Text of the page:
The six string quartets of Bela Bartok were written over a span of only three decades but seem to tell a life's story, and a century's. In the First Quartet, of 1909, Bartok starts by bidding fond farewell to lingering Romanticism and kicks up his heels in a dance of a new, modern age by the end. He's also in love. Through the course of the cycle, Bartok grapples with the modern world, but by the sad Sixth Quartet, of 1939, he bids farewell again, this time to a Europe gone mad, as he prepares to leave for America. What dance there is, is now angry burlesque. He's disconsolate.
There is much, of course, in between, and it is a narrative that has often been told by many of the great postwar string quartets. But the quartet that has identified the most with the composer's story is the one that takes his name. The Bartok Quartet, which was formed in Hungary in 1957, has now been playing this cycle for 40 years (10 longer than the span of their composition). And it did so once more, Tuesday and Wednesday nights, in Schoenberg Hall at UCLA.
There has become something almost ritualistic in the Bartok's playing of the six quartets. Violinists Peter Komlos and Geza Hargitai, violist Geza Nemeth and cellist Laslo Mezo are as priests or rabbis chanting a liturgy. One doesn't sense any effort on the part of the players. The music just seems to spring forth.
The Bartok is an old quartet and an Old World one. The members play on extremely fine 18th century instruments, and they play as one. They breathe together and each musician makes exactly the same kind of sound. Their collective tone is simply remarkable--rich, loud, burnished, gorgeous. They have long internalized the moodiness of this music, the intensity of it, its soul. They dig deep. We don't hear string quartet sound like this anymore.
Still, the Bartok Quartet doesn't own the Bartok quartets, and never has. The scores may come from the first half of the century, but their proper place has been in the second half. Although they were played when new, they never made much impression. Indeed, their real history seems to begin when the Juilliard String Quartet played the six as a cycle in 1948 at Tanglewood. The music world acted as if this were a major discovery, and almost overnight they entered the repertory and began to influence composers.
But what the music world also reacted to was the Juilliard's brash, theatrical playing of them. So by the time, in the late '50s, Hungarian musicians, like those in the Bartok Quartet, attempted to reclaim the composer, it was too late to make much international effect. Bartok was already modern music.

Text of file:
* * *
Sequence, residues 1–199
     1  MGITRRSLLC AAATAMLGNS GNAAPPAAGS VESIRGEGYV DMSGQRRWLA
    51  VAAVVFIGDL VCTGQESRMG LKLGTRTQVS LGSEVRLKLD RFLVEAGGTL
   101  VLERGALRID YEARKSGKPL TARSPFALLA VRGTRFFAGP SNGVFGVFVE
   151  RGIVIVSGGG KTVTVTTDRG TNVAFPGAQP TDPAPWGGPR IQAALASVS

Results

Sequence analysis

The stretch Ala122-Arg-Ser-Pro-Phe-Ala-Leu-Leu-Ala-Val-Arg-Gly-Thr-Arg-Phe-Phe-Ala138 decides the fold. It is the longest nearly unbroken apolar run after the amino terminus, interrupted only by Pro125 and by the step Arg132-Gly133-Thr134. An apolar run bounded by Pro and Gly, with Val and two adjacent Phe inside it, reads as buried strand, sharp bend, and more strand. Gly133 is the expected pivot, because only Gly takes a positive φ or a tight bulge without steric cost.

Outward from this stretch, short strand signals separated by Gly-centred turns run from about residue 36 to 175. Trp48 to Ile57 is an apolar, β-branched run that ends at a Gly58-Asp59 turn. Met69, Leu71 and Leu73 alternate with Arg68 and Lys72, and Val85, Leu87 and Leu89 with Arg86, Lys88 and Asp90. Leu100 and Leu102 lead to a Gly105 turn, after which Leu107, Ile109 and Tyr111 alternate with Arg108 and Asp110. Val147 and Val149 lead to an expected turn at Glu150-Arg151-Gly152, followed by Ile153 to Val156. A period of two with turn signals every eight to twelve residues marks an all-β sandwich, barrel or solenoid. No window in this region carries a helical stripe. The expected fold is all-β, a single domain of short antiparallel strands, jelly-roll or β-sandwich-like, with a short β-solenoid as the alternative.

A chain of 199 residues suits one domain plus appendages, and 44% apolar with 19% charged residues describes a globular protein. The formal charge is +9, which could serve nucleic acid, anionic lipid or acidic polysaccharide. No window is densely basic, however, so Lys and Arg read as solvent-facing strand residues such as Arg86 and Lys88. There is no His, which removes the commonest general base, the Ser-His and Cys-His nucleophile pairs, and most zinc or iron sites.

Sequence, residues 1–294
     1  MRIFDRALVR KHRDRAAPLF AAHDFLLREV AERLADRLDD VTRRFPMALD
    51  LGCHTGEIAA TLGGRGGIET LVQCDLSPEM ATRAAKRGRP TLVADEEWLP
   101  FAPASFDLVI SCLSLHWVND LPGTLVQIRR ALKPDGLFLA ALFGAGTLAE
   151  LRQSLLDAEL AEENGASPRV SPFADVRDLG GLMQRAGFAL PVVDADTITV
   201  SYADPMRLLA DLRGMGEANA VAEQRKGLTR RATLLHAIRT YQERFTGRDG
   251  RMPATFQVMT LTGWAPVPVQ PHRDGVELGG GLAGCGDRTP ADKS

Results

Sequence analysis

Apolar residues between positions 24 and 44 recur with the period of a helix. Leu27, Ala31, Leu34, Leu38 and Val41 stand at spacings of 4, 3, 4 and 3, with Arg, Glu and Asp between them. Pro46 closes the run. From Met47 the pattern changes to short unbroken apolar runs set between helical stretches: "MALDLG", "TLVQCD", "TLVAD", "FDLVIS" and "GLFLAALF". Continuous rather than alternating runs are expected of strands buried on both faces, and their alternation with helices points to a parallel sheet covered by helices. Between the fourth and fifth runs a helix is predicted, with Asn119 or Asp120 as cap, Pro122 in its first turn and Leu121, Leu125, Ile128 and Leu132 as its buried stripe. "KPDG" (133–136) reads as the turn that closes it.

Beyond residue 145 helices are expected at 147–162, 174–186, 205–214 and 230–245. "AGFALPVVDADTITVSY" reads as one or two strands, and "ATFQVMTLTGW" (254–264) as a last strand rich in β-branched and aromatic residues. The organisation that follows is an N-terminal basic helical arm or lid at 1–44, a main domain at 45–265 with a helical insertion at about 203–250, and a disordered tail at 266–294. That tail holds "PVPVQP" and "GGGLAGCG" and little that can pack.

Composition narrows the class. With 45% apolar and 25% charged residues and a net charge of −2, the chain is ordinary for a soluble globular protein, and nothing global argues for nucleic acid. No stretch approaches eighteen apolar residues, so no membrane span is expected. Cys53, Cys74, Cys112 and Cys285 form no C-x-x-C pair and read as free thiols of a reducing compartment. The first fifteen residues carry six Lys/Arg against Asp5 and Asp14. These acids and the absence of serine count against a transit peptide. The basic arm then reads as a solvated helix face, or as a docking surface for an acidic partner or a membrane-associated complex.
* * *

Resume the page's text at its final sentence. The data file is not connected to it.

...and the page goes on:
All this is still felt in the Bartok Quartet performances. The most personal quartets, the first and the sixth, are the ones that the ensemble gets the most out of. It also captures the Hungarian flavor of dances and rhythms in the middle four as naturally as we are ever likely to hear. And the players certainly seem to understand Bartok's moodiness.
But the adventure in the music is less their concern. In the second and especially the third quartets, the composer moves increasingly into abstraction, breaking new ground in the kinds of effects a string quartet can produce. Then he turns away from extreme modernism becoming increasingly convinced of the power of folk music. With the great Fifth Quartet, Bartok finds a common ground between the modern and folk and breaks another kind of new ground.
A certain sameness, however, was felt in the performances Tuesday and Wednesday. All the quartets, all the movements, all the different kinds of gestures in them, seemed to have the same kind of heavy weight. And to save the bad news for last: The Bartok is no longer a strong ensemble in one crucial area--intonation.
Near the end of the Fifth Quartet, the composer suddenly breaks into parody asking the music to be played indifferently and out of tune. The Bartoks play nothing indifferently, and since they now play regularly out of tune, the passage lost its uniqueness. But that did give it a poignancy that Bartok may have also intended. The Bartok Quartet is here to help remind us that the Bartok string quartets contain two narratives, that of the composer and his times, and they weren't always in sync.